Technology that feels right

Friday November 17, 2006 – 7:30 p.m. at the Almonte United Church Social Hall

Speaker: Gitte Lindgaard

Topic: Technology that feels right


Usability is the term we have long used to describe how ‘intuitive’, ‘easy to learn’ or ‘easy to use’ a particular software application is, but most efforts invested in this area have concentrated on supporting cognitive work tasks to increase human productivity. In more recent times, it has become increasingly obvious that the aesthetic, emotional side of interactive technologies play a far more important a role in supporting work tasks than hitherto assumed and acknowledged. If we assume that each of us has a certain amount of energy at our disposal to devote to our work tasks, we can argue that the extent to which a given technology irritates or gets in the way of working efficiently reduces that amount of energy, and that therefore, it affects our ability to work effectively and efficiently. From that point of view an interactive system that ‘feels right’ for the task is likely also to have a calming influence and, that way, to improve our performance. These are the issues addressed in this talk.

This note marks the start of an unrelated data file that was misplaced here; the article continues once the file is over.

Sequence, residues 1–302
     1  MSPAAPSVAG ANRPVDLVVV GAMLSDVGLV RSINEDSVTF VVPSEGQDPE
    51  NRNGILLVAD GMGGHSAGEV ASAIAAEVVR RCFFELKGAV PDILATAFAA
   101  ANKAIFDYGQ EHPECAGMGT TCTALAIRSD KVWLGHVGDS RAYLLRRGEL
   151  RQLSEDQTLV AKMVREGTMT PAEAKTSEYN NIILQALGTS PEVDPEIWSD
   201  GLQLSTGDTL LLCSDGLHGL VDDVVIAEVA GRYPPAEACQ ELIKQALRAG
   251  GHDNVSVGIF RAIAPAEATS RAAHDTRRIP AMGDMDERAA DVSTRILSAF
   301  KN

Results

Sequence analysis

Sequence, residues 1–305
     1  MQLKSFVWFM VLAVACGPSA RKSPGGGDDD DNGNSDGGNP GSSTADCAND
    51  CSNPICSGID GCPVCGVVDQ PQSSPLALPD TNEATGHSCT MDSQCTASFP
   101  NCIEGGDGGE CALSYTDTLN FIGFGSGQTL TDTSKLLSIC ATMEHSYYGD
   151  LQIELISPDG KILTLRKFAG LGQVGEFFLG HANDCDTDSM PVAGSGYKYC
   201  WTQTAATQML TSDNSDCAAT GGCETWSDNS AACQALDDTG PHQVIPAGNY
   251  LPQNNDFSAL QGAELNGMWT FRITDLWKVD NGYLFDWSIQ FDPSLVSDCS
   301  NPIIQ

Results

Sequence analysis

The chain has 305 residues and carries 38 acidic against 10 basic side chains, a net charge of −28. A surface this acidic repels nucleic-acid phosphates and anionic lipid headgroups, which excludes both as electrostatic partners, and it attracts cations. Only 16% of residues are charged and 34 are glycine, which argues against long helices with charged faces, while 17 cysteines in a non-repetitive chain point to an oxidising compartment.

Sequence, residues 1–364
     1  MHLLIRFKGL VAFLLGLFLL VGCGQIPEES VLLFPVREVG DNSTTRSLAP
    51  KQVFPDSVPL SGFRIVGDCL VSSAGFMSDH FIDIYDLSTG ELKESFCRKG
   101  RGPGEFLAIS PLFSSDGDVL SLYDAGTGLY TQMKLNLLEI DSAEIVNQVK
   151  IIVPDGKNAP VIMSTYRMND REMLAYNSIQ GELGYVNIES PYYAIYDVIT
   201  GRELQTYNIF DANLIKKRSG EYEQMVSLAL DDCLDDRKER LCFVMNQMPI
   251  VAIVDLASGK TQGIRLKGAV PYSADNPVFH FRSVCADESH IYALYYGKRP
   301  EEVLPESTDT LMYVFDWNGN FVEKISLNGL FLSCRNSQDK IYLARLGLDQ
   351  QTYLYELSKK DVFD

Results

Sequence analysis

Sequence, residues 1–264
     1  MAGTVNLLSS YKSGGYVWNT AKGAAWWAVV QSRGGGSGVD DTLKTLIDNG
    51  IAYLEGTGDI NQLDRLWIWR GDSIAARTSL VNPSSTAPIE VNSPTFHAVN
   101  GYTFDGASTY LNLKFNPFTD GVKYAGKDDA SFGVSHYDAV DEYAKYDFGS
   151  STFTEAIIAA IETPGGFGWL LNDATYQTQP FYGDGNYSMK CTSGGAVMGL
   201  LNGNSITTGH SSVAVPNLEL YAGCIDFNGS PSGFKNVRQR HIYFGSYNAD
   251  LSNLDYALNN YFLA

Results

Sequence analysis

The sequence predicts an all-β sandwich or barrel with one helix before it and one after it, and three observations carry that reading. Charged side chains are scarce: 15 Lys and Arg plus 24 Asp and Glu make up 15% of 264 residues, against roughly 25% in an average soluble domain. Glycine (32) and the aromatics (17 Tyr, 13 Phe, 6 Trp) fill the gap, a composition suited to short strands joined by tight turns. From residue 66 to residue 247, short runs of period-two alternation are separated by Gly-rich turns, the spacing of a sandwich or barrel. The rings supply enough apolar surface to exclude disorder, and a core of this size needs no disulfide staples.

Speaker’s Profile:

Professor Gitte Lindgaard is currently Director of the Human Oriented Technology Lab (HOTLab) and a full professor in the Department of Psychology at Carleton University. She was the Principal Scientist and Head of the Human Factors Division at Telstra Research Laboratories, Australia. After a stint as Director of a private consultancy, she joined Carleton University in 2000 where she is responsible for building and expanding ties between academia, industry and Government in Canada in research and HCI training. She was Chair of CHISIG (Computer Human Interaction Special Interest Group) of the Ergonomics Society of Australia (ESA) during which she founded the OZCHI conference. She is an adjunct professor and a research associate at several Australian Universities and a Fellow of the HF&ESA. She represents Canada on the IFIP TG13, Human Computer Interaction, and she deputy editor of the journal ”Interacting with Computers”. Her research interests include Human Computer Interaction, especially in multimedia/multimodal systems, Computer Supported Cooperative Work, and human decision making in medicine. She has published extensively in scientific journals, from user interface design, task analysis, human judgement and decision making to pleasurable design and usability.

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